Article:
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THE JPlTTSBUItG DISPATCH, .SATURDAY; OCTOBER 5 1889..
DOOMED TO DIE EARLY
Governor Hartrauft's Boom for Tan
ner's Shoes in a Bad Way.
BE DOESN'T CAKE FOR THE JOB,
And the Grand Army Bojs Don't Propose
He Shall Have it, Anyway.
TANKER INSISTS llt'S ALL EIGHT.
He Has Beta Offered Two Othtr Plices, Kelthtr of
Which He Wants.
And now General Hartrauft's boom for
Tanner's place is dying an early death.
The reason is that "the bojs" don't want
him. They think he's none too good a
Grand Army man, though he's an ex-Com-lnandcr-in-Chief.
Tanner thinks he's all
rsrrciAL TBLrGRAJt to tub dispatch.!
WASHll.GTCf, October 4. The Hart
ranft boom for the l'ension Commissioner
ship seems doomed to an early death. 2Jot
only is it stated that the ex-Governor would
not accept the place if offered him, hut
there has been some rerolt among "the
boys" against his appointment. They
claim that although a comrade in the Grand
Army, and formerly commander-in-chief, he
lie has not kept up his interest in the organ
ization as well as he might
It is said that if the place is going to
Pennsylvania, the man who will probably
be honored is Robert B. Beath. If the
President listens to the pleadings of the
claim agents, he will skip over the Camp
bells, and the Browns, and the Powels, and
settle upon one of the ex-commanders-in-chief.
The men who attaiu this distinction
in the order, it is argued, are usually pretty
shrewd politicians and can safely be trusted
to help the administration ont ot the hole it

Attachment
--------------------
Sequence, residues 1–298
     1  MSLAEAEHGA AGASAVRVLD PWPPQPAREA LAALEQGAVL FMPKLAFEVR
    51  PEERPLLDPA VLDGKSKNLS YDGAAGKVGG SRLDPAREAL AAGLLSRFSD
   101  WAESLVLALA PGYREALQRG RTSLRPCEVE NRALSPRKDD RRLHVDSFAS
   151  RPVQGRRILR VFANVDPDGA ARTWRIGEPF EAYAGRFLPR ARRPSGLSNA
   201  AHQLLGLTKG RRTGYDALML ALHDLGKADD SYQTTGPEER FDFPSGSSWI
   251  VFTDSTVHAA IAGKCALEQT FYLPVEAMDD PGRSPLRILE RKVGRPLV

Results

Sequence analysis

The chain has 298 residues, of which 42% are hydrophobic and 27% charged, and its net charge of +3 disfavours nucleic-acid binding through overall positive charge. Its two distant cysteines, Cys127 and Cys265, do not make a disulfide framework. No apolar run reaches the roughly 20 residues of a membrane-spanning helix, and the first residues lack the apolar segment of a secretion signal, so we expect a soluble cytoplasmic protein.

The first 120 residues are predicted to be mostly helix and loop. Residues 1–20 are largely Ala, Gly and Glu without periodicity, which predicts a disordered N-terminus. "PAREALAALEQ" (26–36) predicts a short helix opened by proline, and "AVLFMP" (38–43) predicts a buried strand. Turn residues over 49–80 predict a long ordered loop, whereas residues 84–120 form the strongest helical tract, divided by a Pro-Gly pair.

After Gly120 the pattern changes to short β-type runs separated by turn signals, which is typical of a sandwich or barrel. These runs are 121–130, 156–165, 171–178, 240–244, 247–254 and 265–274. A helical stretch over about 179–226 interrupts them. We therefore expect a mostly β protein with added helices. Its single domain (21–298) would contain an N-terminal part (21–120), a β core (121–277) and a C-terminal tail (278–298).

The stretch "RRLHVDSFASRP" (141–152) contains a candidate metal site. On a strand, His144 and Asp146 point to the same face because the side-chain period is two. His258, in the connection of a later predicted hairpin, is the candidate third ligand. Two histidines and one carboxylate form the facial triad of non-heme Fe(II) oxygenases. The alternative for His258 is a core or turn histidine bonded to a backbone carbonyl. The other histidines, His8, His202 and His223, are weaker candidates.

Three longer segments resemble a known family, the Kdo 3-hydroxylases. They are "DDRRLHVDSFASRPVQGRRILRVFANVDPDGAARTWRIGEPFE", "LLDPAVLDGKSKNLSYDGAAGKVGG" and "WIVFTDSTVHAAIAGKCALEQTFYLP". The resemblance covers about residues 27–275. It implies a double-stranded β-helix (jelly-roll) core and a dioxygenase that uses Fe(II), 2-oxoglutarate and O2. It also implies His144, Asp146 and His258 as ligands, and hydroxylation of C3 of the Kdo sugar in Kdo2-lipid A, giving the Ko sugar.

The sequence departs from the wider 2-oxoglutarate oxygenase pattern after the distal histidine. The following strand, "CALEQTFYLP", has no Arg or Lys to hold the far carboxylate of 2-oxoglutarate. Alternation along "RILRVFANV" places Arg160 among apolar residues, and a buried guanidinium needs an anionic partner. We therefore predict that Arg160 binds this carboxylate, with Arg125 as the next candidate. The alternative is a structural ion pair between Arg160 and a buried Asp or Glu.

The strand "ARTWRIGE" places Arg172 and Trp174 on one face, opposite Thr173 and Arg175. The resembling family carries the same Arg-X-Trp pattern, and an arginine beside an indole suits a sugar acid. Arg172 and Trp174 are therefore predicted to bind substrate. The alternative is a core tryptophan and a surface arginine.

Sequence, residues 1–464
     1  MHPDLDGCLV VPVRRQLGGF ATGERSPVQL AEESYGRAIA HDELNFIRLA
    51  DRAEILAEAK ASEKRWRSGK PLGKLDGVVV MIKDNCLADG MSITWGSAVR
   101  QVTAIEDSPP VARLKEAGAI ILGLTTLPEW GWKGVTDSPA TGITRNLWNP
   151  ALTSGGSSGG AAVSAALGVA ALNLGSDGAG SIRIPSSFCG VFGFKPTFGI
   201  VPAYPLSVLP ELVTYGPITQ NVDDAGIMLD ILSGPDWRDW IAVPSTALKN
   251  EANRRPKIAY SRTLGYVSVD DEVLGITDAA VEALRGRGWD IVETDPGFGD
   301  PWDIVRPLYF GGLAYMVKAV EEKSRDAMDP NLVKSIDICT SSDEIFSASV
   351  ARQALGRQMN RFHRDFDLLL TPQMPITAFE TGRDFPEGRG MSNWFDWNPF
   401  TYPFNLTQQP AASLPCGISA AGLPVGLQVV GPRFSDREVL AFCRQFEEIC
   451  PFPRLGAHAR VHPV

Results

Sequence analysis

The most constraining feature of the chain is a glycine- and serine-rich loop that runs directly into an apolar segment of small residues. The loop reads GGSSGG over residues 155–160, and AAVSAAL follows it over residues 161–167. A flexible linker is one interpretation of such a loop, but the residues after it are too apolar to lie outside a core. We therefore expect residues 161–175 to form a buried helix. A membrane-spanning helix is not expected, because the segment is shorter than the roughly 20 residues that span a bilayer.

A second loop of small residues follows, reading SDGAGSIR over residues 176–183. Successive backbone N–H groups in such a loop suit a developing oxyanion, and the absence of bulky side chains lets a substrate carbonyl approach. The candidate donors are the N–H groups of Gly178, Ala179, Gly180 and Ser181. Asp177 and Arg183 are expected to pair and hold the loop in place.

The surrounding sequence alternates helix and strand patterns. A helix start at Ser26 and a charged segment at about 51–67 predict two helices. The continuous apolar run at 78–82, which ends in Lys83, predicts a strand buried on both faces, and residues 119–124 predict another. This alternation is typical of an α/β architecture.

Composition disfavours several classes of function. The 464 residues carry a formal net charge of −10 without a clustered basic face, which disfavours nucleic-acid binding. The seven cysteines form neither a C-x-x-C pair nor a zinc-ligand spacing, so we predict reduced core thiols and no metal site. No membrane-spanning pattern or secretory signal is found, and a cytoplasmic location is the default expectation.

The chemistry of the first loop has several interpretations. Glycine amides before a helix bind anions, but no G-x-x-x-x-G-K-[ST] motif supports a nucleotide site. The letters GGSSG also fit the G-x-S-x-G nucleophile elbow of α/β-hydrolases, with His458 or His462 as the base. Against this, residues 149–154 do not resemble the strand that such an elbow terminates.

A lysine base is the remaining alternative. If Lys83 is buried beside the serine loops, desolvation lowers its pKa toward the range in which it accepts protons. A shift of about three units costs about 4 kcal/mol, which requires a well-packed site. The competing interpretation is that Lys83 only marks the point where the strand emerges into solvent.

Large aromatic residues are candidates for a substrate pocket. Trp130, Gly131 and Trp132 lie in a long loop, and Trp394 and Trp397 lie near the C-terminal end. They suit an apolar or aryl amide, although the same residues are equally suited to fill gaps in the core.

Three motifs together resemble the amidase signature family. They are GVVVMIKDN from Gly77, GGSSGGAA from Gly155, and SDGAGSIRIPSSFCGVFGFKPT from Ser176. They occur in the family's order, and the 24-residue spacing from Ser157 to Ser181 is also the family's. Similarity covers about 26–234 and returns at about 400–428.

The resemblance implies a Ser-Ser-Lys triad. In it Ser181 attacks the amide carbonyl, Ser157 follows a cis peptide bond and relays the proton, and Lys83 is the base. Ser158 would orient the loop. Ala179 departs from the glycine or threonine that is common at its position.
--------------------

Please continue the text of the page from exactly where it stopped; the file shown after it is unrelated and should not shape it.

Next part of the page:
has got into.
TWELVE ON THE LIST.
On whom has the President to draw?
There are 12 ex-commanders still living.
Judge Devens, of Massachusetts, the Attor
ney General of the Hayes Cabinet, is on the
Supreme Bench in his State; John P. Bea
is a District Judge in Minnesota; ex-Governor
Hartranft, of Pennsylvania, .and J.
S. Kountz, of Ohio, are insurance agents;
Mr. Bcath is secretary of a f re insurance
company in Philadelphia; Lewis "Wagner is
Director of Public Works in Philadelphia
with a salary of $12,000 a year; J. C. Bobin
gon is a retired Brigadier General in Bing
hamton, U. Y.; George S. Merrill is Insur
ance Commissioner of Massachusetts; Major
"Warner is a lawyer in Kansas City, and S.
S. Bnrdett follows the same calling here in
"Washington; Paul Vandervoort is in the
Government postal service; Lucius Fair
child has no settled occnpation.
Of all these, Judges Devens and Bea are
presumptively out of politics for good.
Warner has declined. "Wagner could not
THE FINANCIAL SACBIFICE
involved in such a change. Hartranft
as stated above, is unpopular with "the
boys," and says that he does not want the
place. Itobinson has sunk too far out of
tight Vandervoort has no backing. Of
Kountx the same may be said. Merrill and
1'airchild, both of whom have been favora
blv considered; have talked too muck to
suit the President Burdett is popular, but
there was an incident in his history while
he was Commissioner of the General Land